Every Reason to Smile

10/17/2002 at 01:00 PM EDT

Faith Hill

Faith Hill

Audrey spent her first three weeks in the hospital. Initially Hill and McGraw stayed there as well before moving into a hotel across the street. They visited every three hours. "I couldn't hold her for the first few days," says Hill. "That was the hardest thing I ever had to do in my life." She fed Audrey her own breast milk stored in "these little bitty bottles." Lots of bottles. "I had a supply in the freezer for the entire city of Nashville. It was comical around the hospital. But Audrey was totally on my milk and did amazing." The baby came home on Christmas Eve, and doctors expect her to suffer no long-term effects from her premature birth. As Audrey's first birthday nears, says Hill, the baby, now weighing in at 20 lbs., "is fat and happy, perfectly normal, though not quite up to the size and weight she should be."

Hill is finally down to the size and weight she likes to be -- thanks to months of yoga and four-mile treadmill workouts. But that wasn't the case in March, when she sang the Pearl Harbor theme at the Oscars corseted into two "amazing" Versace gowns. "I had been wearing sweats and these were so tight, I couldn't breathe," she says. "It was crazy. I was trying to suck everything in. I have to say, though, it was about the first time I actually looked like a woman. I had hips. I had breasts. Because really I'm built more like a boy." And her postpartum curves weren't the only thing making her self-conscious. "I was still breast-feeding," says Hill, who worried that might become too obvious, live on global television. "If there's applause or you're in the middle of something, you raise your arms and all of a sudden, 'Hello -- anyone thirsty?' You have absolutely no control."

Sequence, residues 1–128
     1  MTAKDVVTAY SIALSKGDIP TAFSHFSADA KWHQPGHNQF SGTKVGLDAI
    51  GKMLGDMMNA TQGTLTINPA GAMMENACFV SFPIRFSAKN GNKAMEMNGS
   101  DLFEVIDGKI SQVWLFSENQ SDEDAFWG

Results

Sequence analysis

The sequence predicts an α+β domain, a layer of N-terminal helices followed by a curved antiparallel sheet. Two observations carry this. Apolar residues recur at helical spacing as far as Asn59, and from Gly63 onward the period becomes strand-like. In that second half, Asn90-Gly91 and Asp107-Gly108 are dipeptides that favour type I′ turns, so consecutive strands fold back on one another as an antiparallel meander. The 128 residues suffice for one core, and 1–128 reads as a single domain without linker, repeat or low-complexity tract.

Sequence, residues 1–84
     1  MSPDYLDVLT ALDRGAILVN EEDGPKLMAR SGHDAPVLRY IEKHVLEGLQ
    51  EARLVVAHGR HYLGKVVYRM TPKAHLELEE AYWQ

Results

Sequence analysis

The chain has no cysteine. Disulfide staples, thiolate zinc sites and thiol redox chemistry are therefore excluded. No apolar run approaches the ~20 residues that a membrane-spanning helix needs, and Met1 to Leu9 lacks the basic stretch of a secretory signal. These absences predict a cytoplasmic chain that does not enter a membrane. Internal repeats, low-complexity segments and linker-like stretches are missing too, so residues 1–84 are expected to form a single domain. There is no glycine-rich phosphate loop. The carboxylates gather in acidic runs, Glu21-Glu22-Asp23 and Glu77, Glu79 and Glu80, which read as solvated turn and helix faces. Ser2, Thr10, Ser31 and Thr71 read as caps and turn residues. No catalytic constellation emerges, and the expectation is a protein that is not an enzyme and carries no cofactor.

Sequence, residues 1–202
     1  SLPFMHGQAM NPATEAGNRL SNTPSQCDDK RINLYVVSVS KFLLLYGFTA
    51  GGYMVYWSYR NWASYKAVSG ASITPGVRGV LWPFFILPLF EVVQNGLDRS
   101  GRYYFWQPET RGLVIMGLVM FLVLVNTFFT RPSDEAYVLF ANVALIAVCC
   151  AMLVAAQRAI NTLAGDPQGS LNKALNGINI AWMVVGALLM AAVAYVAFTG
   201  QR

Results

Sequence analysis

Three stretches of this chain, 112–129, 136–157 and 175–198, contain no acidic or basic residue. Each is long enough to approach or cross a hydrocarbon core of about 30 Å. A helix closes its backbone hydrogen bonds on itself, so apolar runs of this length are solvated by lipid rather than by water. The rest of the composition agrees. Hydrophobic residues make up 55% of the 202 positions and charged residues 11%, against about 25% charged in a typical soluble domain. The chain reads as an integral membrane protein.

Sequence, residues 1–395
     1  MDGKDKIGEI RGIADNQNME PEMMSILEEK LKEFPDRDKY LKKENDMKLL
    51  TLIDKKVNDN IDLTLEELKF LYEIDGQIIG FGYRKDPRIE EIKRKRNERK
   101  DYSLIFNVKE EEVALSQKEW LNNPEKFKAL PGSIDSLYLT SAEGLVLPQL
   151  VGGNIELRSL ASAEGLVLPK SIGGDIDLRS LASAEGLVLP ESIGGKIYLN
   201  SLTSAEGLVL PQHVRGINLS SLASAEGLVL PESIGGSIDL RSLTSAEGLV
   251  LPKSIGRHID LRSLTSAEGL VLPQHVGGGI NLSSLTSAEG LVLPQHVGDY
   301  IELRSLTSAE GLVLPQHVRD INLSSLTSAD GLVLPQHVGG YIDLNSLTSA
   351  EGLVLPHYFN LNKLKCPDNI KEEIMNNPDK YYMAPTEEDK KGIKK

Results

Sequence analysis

Most days, though, Hill has managed to weave motherhood seamlessly into her professional life. While finishing the CD, she usually scheduled her studio time between 9 p.m. and midnight, so McGraw would be home to watch the girls. When that wasn't an option, she brought Audrey into her vocal booth -- placing her in a car seat or rocking her as she sang. "If Audrey giggled or grunted between takes, we used it, but if she screamed over Faith's voice, we'd stop," says her producer Dann Huff. "Faith's all business in the studio, but there's a family vibe."

They keep that vibe on the road, where they've been since September, traveling from Louisiana (where they taped Tim's Nov. 27 NBC special) to L.A. (where they taped Faith's), Europe, New York and, next, Asia.

Back home the family lives a down-home life in a brick six-bedroom house just outside Nashville. Gracie and Maggie attend private school and Faith and Tim faithfully appear at every Christmas program and class party. They've been known to pop into the local Baskin-Robbins for ice cream (Faith's favorite: one scoop each of vanilla and chocolate) or to Dotson's for fried chicken. "She's country; she doesn't think she's better than anybody," says waitress Teresa Smithson. "They don't act like they got a lot of money."

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